Study authors Friedrich Thießen and Christian Fischer from the Technical University of Chemnitz allotted a maximum allowance of just €278, a sum that includes money for alcohol and cigarettes. Their bare minimum sum of €132 (which does not include housing, energy, alcohol or cigarette costs) doesn't allow for such creature comforts, and allows for €1 for entertainment, and €2 for communication. Children would get just €79 according to their figures.
But some social welfare experts attacked the study, which was published in this month's economics magazine “Zeitschrift für Wirtschaftspolitik.”
“That is about enough for the monthly needs of a dog in an animal shelter,” Hartz IV expert Rudolf Martens from the social justice organization Paritätische Wohlfahrtsverband told news agency AP.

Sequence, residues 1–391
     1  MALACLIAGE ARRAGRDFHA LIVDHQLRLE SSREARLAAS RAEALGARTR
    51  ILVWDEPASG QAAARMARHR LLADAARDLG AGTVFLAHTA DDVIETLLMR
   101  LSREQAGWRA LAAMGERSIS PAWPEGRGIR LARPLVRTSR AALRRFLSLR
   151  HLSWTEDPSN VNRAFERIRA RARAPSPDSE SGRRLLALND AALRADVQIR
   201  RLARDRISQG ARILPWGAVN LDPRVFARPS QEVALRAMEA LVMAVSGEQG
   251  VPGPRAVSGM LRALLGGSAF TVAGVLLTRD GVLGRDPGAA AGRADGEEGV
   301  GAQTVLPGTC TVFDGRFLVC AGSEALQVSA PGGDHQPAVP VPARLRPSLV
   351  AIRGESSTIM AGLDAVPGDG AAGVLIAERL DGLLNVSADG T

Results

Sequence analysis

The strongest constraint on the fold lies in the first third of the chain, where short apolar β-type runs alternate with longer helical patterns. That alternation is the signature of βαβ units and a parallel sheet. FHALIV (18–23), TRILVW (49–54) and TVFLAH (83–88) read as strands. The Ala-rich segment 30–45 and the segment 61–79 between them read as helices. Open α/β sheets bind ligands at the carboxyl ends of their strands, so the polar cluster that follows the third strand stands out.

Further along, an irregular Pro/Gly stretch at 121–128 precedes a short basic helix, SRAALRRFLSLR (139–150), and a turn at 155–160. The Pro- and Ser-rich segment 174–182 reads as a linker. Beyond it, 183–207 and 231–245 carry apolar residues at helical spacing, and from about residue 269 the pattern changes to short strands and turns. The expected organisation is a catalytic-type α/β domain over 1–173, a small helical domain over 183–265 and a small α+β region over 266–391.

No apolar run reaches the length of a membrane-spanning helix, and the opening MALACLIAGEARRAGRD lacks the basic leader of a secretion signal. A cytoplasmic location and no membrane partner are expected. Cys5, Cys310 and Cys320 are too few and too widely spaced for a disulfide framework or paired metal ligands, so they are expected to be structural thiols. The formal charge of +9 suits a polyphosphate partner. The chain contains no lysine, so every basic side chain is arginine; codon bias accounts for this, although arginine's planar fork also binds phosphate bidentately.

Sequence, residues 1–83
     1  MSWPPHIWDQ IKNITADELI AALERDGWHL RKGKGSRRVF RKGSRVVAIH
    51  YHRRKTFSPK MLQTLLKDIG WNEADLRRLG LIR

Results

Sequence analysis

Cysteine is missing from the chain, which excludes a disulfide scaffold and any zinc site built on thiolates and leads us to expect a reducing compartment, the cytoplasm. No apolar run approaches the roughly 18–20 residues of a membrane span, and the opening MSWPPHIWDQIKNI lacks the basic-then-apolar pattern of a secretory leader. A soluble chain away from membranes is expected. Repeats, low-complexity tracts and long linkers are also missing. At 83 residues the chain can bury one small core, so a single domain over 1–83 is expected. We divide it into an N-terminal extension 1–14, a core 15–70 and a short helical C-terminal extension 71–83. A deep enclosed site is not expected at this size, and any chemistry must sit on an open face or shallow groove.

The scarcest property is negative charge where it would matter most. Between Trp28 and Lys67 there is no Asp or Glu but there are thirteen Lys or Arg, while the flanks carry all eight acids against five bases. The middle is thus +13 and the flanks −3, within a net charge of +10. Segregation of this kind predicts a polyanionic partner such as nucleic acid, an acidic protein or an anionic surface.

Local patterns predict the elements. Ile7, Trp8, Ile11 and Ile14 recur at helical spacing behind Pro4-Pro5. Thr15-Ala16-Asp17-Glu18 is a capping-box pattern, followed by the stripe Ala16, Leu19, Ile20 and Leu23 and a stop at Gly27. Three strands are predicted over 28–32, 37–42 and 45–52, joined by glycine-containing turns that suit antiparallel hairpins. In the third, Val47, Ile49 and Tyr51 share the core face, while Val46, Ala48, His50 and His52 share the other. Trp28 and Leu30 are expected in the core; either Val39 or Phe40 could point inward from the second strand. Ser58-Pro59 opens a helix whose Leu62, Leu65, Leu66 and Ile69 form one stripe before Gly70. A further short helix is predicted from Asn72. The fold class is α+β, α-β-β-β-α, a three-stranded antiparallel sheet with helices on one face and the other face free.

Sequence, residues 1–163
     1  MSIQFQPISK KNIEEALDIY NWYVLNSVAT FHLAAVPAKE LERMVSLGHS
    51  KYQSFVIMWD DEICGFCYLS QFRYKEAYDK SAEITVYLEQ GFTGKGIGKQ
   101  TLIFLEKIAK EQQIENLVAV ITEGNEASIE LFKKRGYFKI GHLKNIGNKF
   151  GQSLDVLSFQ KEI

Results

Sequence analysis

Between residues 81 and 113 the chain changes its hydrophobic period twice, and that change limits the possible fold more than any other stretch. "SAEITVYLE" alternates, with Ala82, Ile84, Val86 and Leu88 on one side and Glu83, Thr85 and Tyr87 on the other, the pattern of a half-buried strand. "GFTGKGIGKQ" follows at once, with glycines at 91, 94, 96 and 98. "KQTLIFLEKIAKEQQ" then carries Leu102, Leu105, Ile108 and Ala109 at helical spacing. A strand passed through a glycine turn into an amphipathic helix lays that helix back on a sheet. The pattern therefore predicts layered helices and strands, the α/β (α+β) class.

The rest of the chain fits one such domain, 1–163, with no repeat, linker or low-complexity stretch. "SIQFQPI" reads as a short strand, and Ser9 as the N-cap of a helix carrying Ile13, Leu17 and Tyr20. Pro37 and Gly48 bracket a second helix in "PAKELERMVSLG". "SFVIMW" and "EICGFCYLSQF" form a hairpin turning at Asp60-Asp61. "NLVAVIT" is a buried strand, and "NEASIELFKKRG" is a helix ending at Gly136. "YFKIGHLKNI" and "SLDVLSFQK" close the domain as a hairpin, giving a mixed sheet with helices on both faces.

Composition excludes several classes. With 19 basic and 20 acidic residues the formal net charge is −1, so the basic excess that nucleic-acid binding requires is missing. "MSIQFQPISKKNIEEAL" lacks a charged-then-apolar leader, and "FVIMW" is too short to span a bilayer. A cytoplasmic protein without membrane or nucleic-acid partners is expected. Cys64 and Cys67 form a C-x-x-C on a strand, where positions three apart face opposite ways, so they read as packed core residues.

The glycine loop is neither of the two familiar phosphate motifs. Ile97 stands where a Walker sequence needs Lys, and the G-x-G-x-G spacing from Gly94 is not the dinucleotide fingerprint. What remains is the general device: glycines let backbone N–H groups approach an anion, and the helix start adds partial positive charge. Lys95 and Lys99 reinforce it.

Martens said the study's figures were comparable to poverty relief in 1900.
The Confederation of German Trade Unions (DGB) also slammed the study as cynical and one-sided. While many feel the German government is bleeding money on social welfare benefits - €45.6 billion in 2006 - reducing the minimum amount of help for poor Germans would exacerbate income disparity, the DGB said.
In 2006, some 8.3 million Germans – 10.1 percent of the population – received welfare benefits, according to Federal Statistical Office (Destatis) figures released on Thursday. The average monthly allowance of welfare benefits in Germany today averages €351.